earlier today i went to google and typed in a question i always wanted answered...what encoder does dvd shrink use?...i had a time finding any answer but i found one, and it was 5 or 6 yrs old and it was in here answered by you....you posted a link and a brief explanation of what dvd shrink does to a dvd to make it smaller but the link you posted is dead...i wondered if u have another link that explains the process or you could tell me what it does
I asked what the link was, to jog my memory. It was 5-6 years ago, after all.
Originally Posted by Moontrash
here's the old videohelp thread with the question and your answer http://forum.videohelp.com/threads/2...ompress-movies
what about other apps liek dvdfab
...do these do the same thing as shrink or do they actually have their own encoder?
i've done 3 or 4 comparison tests over the years and i've wanted to know this question forever but just never thought to ask
I'm going to back up a bit here, and address this quote: "what encoder does dvd shrink use?"
DVD Shrink doesn't use an encoder. Again, just to be clear: DVD Shrink DOES NOT USE AN ENCODER
DVD Shrink uses a transcode method to essentially simplify and re-write the math equations that are used to encode the video. The side effect of this mathematical manipulation is that it can be used to "shrink" the file size of the video data. Now, I'm a journalist and media specialist, not a math whiz, so the exact process
of how this works is best left to others. For example, the link you refer to is a white paper written by Susan Wee of HP Labs some 13 years ago, and discusses the fundamental process of MPEG-2 transcoding. That's the link you were looking for, and the inevitable redo of HP's site seems to have displaced those papers. I've re-archived them here for you: How Transcoding MPEG Video (DVD Shrinking) Works
. (URL= http://www.digitalFAQ.com/forum/show...ideo-2177.html
DVD Shrink is not using another encoder, it was it's own application. The creator of DVD Shrink was rumored to have been hired by Ahead Software (owners of Nero), to create one of the first versions of Nero Recode. It's been suggested in several forums recently that mrbass was DVD Shrink's creator, but I don't think that's the case, that sounds like web-myth retconning.
DVD Shrink also had the (poorly-implemented) ability to DeCSS and remove copy protection from DVDs, but skilled users knew better. The encryption removing feature seemed like an afterthought feature, and the program was best used for the sole task of "shrinking". Even when it was new software, with regular updates, it had trouble ripping DVDs.
Because transcoding is an abusive process, you should NEVER USE IT ON HOMEMADE DVDs!!
The ability to transcode is limited by the bit rate allocation of the source, and works best on commercial/retail sources that have excess bitrate. Or used on DVDs that have enough bitrate that the added compression of a transcode does not overly harm and degrade the DVD image quality. Homemade DVDs generally have poor quality consumer sources (DV cameras, TV recordings, etc), and cannot be shrunk without major quality loss. By "quality loss", I refer to visible macroblocking and other DVD MPEG artifacts.
Transcoding is a very lossy method, as compared to a full decode/re-encode by a true MPEG encoder.
Now to address the software you mentioned...
DVD2One has it's own proprietary transcoding method, as I'm sure DVD Fab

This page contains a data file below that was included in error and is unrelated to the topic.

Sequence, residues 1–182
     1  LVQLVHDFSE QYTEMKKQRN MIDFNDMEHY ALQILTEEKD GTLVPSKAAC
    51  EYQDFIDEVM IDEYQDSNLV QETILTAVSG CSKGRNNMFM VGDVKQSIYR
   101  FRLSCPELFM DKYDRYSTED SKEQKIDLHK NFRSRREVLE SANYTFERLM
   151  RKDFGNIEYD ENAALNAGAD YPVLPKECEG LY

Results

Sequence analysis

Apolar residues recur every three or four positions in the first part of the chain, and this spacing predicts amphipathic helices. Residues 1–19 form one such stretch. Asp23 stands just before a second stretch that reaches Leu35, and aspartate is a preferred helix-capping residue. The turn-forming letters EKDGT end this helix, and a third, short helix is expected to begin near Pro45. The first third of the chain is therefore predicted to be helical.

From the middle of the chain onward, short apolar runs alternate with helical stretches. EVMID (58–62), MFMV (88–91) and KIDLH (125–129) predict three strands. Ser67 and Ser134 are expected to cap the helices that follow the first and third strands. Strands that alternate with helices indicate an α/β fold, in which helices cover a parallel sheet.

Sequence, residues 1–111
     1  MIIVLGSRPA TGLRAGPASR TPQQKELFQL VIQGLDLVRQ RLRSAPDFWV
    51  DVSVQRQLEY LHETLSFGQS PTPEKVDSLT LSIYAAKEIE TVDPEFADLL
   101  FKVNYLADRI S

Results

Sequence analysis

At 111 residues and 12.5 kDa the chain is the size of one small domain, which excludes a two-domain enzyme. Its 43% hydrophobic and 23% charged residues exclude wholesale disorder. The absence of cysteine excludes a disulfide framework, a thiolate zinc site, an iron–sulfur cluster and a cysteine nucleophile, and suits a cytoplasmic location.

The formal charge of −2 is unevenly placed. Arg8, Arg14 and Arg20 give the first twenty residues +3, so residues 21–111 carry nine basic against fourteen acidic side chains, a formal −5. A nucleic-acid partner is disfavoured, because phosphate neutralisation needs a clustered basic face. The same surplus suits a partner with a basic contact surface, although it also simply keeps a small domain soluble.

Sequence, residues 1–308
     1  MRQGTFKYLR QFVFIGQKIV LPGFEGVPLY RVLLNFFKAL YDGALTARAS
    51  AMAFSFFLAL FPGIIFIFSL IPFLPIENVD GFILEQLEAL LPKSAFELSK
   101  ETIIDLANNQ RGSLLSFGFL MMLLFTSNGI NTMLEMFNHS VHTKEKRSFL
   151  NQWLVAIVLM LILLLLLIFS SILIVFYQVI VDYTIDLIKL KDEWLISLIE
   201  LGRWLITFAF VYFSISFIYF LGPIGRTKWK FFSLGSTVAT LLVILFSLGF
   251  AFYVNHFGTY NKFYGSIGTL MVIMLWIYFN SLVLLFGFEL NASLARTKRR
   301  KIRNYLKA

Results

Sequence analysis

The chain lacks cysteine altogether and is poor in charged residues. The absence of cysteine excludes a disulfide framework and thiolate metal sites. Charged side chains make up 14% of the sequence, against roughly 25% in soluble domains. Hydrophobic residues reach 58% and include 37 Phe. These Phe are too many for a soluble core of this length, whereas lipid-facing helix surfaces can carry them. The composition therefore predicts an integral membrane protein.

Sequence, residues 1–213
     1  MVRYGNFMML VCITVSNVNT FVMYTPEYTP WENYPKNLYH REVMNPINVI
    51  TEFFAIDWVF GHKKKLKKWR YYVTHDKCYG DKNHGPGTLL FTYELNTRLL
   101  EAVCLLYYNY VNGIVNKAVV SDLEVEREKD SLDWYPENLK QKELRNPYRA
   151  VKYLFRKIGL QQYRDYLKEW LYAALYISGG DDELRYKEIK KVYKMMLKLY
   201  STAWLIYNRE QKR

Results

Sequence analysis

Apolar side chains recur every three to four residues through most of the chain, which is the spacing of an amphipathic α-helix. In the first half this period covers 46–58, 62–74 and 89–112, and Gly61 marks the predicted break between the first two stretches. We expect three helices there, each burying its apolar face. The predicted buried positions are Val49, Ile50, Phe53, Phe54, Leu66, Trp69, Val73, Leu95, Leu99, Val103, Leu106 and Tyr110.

does. DVD Shrink routinely whipped the quality of DVD2One, although some of the most recent versions now use higher-quality methods similar to DVD Shrink. It gets maybe one update per year for about 5 years now, as the tool reached full maturity ages ago.
Honestly, I've not looked into transcoding research heavily for several years now, because the technology had pretty much peaked years ago.
- DVD Shrink was a top-quality DVD transcoder, and
- DVD Rebuilder was a top-quality DVD re-encoder. DVD Rebuilder used an external full encoder, such as the freeware MPEG encoders QuEnc or HCEnc, or a commercial encoder like Procoder or CinemaCraft Encoder (CCE).
has premium versions that can transcode, that program became popular as a post-DVD Decrypter
era free DVD ripper.
is purely an encryption disabler. It doesn't rip, transcode or encode, but rather enables other programs to do those tasks. AnyDVD
is a filter between the disc and other video editor software.
There are many retail DVDs that simply cannot be shrunk without looking like garbage. These are usually TV show box sets, including Married With Children, the Pokemon shows, Garfield & Friends, some of the Stargate SG-1 seasons, Teenage Mutant Ninja Turtles 80s cartoons, and Thundercats ... just to name a few. For creating a backup for those, you're best to either buy another copy
or use a Verbatim DVD+R DL blank
Something more to consider...
I've never been big on copying DVDs. While it is a fragile format, I reserve copying for rare discs that are hard to replace, be it due to obscurity (example: limited-run foreign releases), out of print status (OOP), etc. Mass-produced movie DVDs like The Matrix or Ghostbusters are easy to replace, but that seems to be what so many people backup.
I don't approve of "backing up" Netflix or Blockbuster, that's just a waste of time. If you want to watch it another time, rent it again. Or just buy it. Sales of DVDs, after all, is what tells a studio that consumers like something, and encourages
- more releases of their older back catalogs of yet-unreleased videos,
- creation of more direct-to-DVD releases, such as the many Marvel and DC Comics animated movies from the past 3-4 years.
I just thought this needed to be mentioned.
I've never liked the fact that some of my advice may be used by people who want to amass giant DVD collections with a Netflix subscription and a pack of cheap blank DVDs.
Hope this has helped you. And thanks for bringing that dead link to my attention.
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